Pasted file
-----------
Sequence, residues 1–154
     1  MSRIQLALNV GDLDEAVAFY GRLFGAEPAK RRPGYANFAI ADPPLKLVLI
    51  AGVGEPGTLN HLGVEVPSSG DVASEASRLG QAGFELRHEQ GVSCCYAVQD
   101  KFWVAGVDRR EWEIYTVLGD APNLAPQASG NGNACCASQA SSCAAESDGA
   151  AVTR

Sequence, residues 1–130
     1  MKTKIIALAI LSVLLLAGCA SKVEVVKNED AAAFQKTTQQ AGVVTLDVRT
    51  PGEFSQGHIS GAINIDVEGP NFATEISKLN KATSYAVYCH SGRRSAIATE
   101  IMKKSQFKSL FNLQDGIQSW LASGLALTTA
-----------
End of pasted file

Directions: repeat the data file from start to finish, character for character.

Sequence, residues 1–154
     1  MSRIQLALNV GDLDEAVAFY GRLFGAEPAK RRPGYANFAI ADPPLKLVLI
    51  AGVGEPGTLN HLGVEVPSSG DVASEASRLG QAGFELRHEQ GVSCCYAVQD
   101  KFWVAGVDRR EWEIYTVLGD APNLAPQASG NGNACCASQA SSCAAESDGA
   151  AVTR

Sequence, residues 1–130
     1  MKTKIIALAI LSVLLLAGCA SKVEVVKNED AAAFQKTTQQ AGVVTLDVRT
    51  PGEFSQGHIS GAINIDVEGP NFATEISKLN KATSYAVYCH SGRRSAIATE
   101  IMKKSQFKSL FNLQDGIQSW LASGLALTTA